Smoky Hill River Project | Ecosystem
Written by Melissa Anderson on March 22, 2022
All living organisms need water to grow and survive. Water is one of, if not the, most important component to an ecosystem. So that in itself should answer the question; Why would a river running through Salina, Kan. matter?
One of our neighboring states has found the benefits of a downtown river and riverwalk. In Oklahoma City, Oklahoma, a 7-mile stretch of the North Canadian River was transformed into what is now the Oklahoma River. Dams at Eastern, Western and May avenues raise the level of the river. Locks allow boats to navigate the entire 7-mile length of the river project. Trails have been added for runners, walkers, skaters and bikers. They offer kayaking from the banks at certain entry points. This Oklahoma restoration project brought visitors, ideas, entrepreneurs, families and yes, an ecosystem to town.
Like Oklahoma, Salina’s downtown once had a river running through it. Because of flooding in the 1950s and 1960s, the river was diverted with a manmade bypass channel, accompanied with a dyke that runs along the river. That original river channel still remains, but it is empty and dry. There is no water, no fish, no grasses or bugs. There are no trails. The life of a river does not exist.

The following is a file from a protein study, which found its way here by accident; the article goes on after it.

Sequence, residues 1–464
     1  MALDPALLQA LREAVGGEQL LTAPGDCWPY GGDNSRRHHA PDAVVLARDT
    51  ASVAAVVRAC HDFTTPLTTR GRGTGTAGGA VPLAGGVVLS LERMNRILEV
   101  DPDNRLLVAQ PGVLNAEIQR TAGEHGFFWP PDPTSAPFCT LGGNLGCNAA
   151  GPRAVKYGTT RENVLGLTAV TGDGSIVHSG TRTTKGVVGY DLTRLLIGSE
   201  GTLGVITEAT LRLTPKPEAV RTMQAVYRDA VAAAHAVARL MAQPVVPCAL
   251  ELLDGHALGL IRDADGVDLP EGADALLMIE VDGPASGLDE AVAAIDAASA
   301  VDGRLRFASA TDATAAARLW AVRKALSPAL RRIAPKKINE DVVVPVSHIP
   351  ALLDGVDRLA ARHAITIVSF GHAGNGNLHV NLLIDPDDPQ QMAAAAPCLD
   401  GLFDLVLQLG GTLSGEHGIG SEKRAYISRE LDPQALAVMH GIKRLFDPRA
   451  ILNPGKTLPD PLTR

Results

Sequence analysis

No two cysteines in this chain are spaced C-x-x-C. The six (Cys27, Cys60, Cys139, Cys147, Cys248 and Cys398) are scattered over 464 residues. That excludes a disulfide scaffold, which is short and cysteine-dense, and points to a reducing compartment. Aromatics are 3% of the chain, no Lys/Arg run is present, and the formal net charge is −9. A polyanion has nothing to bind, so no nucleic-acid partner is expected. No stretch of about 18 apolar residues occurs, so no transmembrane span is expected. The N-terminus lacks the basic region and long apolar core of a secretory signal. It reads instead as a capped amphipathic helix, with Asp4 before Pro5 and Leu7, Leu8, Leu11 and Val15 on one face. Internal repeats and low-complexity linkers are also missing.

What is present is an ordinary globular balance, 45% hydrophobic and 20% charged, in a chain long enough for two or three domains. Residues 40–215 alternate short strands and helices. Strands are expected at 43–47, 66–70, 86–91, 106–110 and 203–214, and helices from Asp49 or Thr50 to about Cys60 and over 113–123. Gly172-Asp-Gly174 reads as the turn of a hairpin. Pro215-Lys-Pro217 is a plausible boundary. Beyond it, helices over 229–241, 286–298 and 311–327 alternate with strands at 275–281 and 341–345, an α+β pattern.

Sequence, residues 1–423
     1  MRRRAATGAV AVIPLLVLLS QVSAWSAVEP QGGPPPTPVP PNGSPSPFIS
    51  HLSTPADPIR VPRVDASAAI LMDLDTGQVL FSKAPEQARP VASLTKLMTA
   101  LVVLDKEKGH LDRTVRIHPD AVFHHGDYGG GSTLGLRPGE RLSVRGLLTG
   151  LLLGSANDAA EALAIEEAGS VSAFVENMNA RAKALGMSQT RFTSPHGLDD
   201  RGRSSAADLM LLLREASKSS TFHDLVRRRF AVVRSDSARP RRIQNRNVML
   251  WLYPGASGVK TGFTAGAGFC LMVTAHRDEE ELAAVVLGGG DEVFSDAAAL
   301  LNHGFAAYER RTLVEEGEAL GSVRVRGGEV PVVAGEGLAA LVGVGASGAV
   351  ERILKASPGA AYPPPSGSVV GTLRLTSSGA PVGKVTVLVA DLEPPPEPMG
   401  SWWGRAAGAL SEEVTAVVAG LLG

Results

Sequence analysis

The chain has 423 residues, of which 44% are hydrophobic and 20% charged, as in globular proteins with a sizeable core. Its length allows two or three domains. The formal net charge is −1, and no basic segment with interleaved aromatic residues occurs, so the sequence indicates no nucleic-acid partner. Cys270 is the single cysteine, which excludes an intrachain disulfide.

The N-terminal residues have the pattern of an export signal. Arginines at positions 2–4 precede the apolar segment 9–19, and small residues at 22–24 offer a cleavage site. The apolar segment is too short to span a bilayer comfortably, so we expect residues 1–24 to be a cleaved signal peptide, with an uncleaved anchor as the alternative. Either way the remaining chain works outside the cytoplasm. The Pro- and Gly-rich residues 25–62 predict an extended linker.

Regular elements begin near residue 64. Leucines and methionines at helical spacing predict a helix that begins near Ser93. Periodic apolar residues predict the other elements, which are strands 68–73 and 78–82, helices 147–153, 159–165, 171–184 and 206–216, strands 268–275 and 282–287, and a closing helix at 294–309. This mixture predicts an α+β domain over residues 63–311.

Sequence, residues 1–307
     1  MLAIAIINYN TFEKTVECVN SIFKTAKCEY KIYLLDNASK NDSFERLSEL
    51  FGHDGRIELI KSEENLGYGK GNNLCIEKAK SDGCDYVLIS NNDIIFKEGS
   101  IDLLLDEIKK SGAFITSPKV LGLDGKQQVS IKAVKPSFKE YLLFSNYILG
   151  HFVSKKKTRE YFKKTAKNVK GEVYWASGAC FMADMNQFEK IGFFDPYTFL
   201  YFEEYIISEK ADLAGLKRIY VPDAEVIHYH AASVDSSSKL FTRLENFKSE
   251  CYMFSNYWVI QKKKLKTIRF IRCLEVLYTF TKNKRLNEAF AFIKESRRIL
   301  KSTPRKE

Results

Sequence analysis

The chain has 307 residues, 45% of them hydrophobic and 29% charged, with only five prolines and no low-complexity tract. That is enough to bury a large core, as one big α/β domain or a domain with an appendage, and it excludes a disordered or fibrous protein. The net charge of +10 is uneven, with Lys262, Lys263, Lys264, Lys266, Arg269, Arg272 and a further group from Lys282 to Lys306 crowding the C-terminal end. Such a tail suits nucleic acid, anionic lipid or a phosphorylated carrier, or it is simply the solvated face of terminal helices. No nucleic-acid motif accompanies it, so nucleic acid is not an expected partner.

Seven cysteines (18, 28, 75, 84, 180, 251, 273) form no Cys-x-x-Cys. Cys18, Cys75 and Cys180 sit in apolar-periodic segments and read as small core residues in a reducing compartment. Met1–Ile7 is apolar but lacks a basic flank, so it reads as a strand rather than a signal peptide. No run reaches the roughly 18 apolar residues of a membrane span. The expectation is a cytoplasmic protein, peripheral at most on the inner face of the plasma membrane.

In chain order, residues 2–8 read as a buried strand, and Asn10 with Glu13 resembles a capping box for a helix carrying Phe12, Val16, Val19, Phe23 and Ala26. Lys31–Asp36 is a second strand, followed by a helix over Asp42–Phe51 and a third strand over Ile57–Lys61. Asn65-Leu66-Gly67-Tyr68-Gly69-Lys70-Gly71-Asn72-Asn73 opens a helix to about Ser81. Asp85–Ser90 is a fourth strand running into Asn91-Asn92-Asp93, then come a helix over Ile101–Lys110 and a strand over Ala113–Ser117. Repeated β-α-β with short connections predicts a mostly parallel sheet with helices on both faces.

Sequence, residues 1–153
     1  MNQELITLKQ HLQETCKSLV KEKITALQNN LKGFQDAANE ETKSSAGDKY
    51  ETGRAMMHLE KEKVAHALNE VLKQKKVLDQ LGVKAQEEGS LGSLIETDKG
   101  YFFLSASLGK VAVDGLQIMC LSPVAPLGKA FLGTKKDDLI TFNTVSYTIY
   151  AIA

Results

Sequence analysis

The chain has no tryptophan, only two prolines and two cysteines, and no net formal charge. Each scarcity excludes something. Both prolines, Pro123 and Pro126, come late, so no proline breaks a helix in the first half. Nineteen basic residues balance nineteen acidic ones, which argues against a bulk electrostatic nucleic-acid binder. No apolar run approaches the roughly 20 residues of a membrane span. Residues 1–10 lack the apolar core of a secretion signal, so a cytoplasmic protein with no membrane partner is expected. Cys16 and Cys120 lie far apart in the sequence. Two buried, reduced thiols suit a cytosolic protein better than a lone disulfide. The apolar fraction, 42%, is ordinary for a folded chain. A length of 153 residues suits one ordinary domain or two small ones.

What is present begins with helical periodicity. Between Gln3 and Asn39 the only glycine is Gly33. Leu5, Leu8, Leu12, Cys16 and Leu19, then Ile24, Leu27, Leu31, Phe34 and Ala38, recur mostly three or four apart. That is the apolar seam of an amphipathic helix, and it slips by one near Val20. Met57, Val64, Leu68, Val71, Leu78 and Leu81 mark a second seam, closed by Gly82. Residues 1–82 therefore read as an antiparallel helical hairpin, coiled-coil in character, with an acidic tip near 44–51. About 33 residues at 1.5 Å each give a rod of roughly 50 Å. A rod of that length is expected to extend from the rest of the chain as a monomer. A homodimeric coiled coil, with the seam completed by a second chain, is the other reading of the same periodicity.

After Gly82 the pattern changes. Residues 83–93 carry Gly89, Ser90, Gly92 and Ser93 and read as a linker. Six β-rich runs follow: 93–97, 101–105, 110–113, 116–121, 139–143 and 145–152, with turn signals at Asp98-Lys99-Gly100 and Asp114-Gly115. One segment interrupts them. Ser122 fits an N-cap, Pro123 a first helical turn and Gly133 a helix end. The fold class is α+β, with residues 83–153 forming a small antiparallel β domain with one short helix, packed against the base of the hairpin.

A recent interview with Dr. Stephanie Welter, KWU Associate Professor of Biology, Chair of the Department of Biology, provided some insight into the ecological benefits of a river. Dr. Welter was asked “What native Kansas wildlife benefit from river channels”. Welter stated “A plethora of wildlife benefit from river channels (and the surrounding river banks, especially if vegetated or wooded), including invertebrates (crayfish, insects of all types), fish, amphibians, reptiles, birds, and mammals. So, all wildlife benefit from a river!” She also added “The river provides habitats, food sources, and water sources for wildlife. Riverbanks (if not filled in by concrete) can be burrowed into by rabbits, muskrats, groundhogs (= woodchucks), and badgers for homes and nesting places. When those burrow-building mammals abandon their burrows, other mammals, such as foxes, raccoons, and bobcats, can move in. River banks can also provide corridors for terrestrial mammals, like deer, coyotes, bobcats, to move among habitats without having to cross busy roads. Birds, such as Great Blue Heron and kingfishers, can hunt for fish in the rivers. And, of course, fish, amphibians (like frogs), reptiles (turtles and some snakes), and lots of invertebrates (crayfish, insects, aquatic worms, etc.) use the river itself for feeding, breeding, and living out their lives! These are just a few examples of the benefits of rivers to Kansas wildlife.”